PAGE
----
To many, a rescue of this magnitude and danger would be enough to call for retirement. Years later a his retirement party, Captain Charles A. Tucker, the commander of the Eagle Harbor Life-Saving Station during the rescue, was asked why he dared go out in the storm to rescue the crew of the Waldo, putting the lives of every man in his station at risk. Tucker replied that the life-saving manual clearly states “You have to go out, but you don’t have to come back”. Other members of the Eagle Harbor LSS had heard Captain Tucker refer to the phrase several times before rescue missions. The person speaking with Tucker considered this response, then revised his question and asked “Weren’t you ever concerned about your own safety on such occasions?” (7) To this, Tucker simply replied, “The manual didn’t say anything about that.” (7)
The courage and resiliency displayed by the members of the Eagle Harbor Life-Saving Station during that rescue, as well as throughout their careers, was a testament to the importance of the Life-Saving Service, and stands as a reminder of the importance of the U.S. Coast Guard, today.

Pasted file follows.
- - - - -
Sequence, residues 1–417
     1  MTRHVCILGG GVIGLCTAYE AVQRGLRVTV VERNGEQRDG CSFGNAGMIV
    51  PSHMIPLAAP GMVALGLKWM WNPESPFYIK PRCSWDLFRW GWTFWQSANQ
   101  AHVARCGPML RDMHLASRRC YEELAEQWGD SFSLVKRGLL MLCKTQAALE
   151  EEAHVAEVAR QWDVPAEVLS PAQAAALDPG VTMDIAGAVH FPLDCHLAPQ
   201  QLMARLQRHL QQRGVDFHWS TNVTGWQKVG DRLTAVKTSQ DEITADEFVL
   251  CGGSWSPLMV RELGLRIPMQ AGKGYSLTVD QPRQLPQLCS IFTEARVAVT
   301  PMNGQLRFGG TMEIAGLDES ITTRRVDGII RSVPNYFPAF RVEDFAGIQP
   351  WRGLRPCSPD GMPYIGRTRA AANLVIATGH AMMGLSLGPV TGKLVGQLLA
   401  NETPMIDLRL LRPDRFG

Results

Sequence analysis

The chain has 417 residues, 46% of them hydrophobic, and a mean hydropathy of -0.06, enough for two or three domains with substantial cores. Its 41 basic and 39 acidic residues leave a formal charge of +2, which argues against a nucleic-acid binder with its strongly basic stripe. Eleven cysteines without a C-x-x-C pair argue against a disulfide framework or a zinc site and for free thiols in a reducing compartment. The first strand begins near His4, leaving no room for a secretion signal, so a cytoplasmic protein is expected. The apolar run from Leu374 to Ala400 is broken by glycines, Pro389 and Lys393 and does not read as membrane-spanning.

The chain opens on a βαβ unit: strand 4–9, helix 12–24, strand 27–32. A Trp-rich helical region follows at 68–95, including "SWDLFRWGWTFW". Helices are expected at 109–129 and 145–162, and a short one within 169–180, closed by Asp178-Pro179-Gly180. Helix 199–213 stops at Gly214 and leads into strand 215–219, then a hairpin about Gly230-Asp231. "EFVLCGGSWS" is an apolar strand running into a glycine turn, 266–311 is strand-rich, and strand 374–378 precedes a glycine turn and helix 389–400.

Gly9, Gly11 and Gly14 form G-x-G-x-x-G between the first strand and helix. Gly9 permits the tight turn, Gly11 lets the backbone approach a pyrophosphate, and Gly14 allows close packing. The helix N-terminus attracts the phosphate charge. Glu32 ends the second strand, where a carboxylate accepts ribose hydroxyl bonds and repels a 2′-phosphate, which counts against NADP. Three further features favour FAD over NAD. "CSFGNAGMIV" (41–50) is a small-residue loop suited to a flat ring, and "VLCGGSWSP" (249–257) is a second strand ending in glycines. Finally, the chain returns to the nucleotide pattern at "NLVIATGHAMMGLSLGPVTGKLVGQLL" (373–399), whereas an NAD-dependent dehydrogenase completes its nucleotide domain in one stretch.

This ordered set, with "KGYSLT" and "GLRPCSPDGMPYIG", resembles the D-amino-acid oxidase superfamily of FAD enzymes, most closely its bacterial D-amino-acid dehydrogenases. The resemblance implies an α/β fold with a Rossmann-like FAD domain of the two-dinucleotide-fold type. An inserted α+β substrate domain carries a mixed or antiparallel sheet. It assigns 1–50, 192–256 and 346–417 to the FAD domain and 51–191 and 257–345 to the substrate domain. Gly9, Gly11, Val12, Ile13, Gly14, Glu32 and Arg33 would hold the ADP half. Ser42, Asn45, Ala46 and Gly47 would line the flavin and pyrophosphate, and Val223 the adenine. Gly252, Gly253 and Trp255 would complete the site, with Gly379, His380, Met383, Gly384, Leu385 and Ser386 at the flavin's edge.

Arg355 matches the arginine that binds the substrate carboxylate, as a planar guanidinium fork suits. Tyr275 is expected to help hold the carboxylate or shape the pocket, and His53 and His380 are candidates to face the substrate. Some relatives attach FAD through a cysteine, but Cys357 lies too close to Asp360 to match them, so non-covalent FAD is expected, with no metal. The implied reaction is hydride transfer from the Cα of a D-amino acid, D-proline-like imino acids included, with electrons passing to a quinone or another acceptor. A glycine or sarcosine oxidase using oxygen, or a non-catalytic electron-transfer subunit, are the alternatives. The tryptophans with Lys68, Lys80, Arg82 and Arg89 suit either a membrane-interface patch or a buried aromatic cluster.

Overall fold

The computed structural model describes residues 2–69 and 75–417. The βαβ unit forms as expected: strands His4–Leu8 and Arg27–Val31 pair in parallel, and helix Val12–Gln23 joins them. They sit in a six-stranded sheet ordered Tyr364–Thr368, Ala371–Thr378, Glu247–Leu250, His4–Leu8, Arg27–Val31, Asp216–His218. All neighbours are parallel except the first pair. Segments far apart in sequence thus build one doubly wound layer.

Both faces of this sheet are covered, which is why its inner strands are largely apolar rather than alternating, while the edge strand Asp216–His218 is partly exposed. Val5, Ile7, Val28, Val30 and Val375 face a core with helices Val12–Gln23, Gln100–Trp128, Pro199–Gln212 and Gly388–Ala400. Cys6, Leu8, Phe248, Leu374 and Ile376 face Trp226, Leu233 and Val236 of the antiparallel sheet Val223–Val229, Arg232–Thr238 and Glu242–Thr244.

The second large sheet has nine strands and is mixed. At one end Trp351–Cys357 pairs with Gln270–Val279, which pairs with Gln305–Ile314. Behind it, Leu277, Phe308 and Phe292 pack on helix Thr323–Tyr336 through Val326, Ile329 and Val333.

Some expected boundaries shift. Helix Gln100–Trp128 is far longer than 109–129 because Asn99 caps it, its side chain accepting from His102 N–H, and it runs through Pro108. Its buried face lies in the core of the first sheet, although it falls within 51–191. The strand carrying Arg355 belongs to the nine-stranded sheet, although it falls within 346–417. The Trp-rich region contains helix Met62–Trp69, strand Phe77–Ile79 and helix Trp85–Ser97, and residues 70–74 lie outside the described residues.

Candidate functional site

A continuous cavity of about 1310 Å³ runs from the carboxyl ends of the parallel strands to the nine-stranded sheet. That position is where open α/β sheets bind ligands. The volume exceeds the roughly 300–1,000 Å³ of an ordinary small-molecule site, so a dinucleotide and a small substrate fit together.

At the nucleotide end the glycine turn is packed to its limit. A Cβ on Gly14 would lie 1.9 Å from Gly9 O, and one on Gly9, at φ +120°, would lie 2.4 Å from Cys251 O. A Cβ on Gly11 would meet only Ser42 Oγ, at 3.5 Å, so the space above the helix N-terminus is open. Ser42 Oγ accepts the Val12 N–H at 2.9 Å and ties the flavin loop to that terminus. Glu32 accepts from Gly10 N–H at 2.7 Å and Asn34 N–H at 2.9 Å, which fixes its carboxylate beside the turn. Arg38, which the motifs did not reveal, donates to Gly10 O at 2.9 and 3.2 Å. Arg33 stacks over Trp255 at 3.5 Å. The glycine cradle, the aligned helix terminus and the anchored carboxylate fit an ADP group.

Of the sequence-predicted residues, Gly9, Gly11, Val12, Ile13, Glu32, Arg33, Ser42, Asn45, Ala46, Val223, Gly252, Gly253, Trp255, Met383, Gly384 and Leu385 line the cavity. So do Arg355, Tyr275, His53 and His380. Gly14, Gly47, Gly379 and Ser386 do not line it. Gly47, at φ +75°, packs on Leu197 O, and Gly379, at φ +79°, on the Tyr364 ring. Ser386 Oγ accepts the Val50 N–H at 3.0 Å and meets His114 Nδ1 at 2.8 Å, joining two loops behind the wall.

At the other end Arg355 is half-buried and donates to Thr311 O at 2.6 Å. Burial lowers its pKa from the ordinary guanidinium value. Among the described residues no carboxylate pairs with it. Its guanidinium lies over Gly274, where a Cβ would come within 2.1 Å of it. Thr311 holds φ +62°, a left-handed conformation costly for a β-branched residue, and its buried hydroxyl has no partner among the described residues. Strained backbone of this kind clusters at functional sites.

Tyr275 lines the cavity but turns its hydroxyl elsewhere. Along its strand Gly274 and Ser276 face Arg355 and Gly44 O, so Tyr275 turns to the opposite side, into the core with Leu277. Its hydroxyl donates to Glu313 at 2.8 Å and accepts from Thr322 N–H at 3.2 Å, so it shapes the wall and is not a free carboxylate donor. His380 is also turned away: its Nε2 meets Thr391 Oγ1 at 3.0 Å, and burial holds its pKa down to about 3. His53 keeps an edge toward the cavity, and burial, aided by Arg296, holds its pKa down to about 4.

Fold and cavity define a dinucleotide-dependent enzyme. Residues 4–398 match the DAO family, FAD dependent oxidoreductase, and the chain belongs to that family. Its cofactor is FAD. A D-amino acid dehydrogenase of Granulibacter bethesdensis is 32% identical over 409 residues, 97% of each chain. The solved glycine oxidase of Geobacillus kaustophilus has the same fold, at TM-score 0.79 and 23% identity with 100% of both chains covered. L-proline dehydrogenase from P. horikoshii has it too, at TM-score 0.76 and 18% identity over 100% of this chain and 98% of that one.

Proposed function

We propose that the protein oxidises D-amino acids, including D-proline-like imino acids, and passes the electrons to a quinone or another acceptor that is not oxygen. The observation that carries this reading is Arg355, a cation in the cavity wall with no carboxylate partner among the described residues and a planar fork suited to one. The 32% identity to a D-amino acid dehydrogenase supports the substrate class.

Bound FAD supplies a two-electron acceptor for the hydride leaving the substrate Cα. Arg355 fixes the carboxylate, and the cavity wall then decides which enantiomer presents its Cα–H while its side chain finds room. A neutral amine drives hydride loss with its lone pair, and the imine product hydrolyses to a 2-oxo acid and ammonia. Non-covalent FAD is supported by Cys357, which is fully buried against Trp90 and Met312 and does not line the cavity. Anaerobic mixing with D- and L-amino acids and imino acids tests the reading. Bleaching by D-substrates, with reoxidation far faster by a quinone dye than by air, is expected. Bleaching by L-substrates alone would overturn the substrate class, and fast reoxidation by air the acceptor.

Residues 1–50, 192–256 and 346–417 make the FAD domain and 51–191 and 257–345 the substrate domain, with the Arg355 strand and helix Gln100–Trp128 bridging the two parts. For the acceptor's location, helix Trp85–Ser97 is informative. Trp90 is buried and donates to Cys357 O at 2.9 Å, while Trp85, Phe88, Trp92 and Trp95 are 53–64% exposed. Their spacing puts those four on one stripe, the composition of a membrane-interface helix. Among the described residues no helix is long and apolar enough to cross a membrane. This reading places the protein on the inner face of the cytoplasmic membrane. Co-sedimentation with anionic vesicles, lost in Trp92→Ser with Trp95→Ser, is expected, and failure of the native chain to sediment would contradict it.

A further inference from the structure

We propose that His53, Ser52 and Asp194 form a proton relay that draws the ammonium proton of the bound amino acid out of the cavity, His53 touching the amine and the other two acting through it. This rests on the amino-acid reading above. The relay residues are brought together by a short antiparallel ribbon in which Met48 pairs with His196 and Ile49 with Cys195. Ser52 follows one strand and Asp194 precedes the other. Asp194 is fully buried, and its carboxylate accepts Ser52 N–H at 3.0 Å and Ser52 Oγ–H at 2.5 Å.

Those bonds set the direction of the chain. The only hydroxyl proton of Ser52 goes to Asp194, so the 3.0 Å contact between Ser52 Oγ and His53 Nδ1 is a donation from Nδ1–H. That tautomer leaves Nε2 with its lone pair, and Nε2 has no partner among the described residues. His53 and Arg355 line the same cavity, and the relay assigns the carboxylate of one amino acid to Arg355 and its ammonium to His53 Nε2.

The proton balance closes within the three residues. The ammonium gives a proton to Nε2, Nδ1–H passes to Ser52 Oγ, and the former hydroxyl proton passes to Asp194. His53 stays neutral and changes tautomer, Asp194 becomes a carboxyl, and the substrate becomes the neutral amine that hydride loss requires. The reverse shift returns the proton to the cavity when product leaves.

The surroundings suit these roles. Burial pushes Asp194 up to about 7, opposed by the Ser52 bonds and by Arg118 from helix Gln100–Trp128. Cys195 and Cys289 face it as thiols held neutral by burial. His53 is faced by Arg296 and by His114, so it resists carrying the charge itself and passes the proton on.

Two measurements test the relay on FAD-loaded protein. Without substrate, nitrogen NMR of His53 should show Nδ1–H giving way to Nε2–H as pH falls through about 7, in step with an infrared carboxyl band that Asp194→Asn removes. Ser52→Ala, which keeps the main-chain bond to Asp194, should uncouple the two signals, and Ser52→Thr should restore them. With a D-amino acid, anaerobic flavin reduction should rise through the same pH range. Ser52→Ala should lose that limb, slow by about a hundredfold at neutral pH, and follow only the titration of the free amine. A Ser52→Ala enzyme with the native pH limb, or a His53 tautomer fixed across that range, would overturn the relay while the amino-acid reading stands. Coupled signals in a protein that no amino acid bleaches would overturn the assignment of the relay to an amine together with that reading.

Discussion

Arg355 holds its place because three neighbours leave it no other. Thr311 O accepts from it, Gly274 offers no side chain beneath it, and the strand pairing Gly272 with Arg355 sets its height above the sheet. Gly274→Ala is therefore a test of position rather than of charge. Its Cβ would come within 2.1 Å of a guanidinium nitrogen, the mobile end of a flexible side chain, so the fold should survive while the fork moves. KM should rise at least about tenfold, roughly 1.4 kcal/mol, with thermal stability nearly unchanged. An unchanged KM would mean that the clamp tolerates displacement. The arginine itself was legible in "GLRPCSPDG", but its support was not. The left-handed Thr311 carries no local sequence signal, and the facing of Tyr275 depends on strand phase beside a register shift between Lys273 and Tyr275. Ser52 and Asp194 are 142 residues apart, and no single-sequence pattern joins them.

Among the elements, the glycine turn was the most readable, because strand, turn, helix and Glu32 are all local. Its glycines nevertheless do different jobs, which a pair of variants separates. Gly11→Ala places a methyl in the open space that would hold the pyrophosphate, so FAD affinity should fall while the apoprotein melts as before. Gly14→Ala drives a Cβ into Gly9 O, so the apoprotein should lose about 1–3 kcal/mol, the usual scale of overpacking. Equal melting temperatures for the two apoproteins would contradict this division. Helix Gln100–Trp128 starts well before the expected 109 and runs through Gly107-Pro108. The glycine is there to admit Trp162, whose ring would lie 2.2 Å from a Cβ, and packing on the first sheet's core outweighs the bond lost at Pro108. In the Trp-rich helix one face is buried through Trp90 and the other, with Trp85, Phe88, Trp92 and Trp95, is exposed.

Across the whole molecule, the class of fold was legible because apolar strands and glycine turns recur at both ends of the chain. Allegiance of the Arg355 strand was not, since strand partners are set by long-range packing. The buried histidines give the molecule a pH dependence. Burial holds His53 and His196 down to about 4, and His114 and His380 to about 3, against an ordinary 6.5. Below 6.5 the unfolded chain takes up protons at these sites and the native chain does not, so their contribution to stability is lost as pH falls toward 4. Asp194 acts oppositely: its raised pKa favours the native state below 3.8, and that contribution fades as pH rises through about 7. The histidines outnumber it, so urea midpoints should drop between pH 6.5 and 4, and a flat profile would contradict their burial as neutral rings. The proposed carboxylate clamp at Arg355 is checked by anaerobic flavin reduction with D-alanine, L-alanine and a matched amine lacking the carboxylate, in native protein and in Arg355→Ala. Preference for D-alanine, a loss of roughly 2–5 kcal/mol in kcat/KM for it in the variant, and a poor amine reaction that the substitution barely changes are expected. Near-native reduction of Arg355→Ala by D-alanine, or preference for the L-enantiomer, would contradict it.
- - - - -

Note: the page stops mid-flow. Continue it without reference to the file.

2) “Guard Defies Death to Save Shipwreck”. Detroit Free Press. December 2, 1928.
3) Smith, Rod. “Shipwreck! The wreck of the L.C. Waldo.” Copper Island Sentinel -9. April 4, 1978.
4) Tucker, Charles A. “Wreck Report”. Eagle Harbor Station, Eleventh District. U.S. Life Saving Service. November 14, 1913.
5)USCG. Annual Report of the United States Life-Saving Service. Dept. of Homeland Security, 1914.
7) Frimodig, Mac. “A Nice Warm Tub.” Shipwrecks off Keweenaw: Stories of Brave Ships and Brave Men. N.p.: Fort Wilkins Natural History Association, 1974. 31-35.
9) Lightfoot, Gordon. “The Wreck of the Edmund Fitzgerald”. Eastern Sound Studios, Toronto, ON. 1976.
11) Stonehouse, Frederick. “‘An Ice-Covered Boat, Its White Bow Bearing The Emblem of the Life-Saving Service'” Wreck Ashore: The United States Life-Saving Service on the Great Lakes. Duluth, MN: Lake Superior Port Cities, 1994. 192-95.
13) Wolff, Julius F., and Thomas R. Holden. “1910-1919.” Lake Superior Shipwrecks. Duluth, MN: Lake Superior Port Cities, 1990. 148-49.
For Further Reading:
Special thanks to Mark Rowe, member of the Keweenaw County Historical Society. His research and presentations on local area history are vital to the preservation of our Nation’s greatest memories, particularly of our gold medal heroes.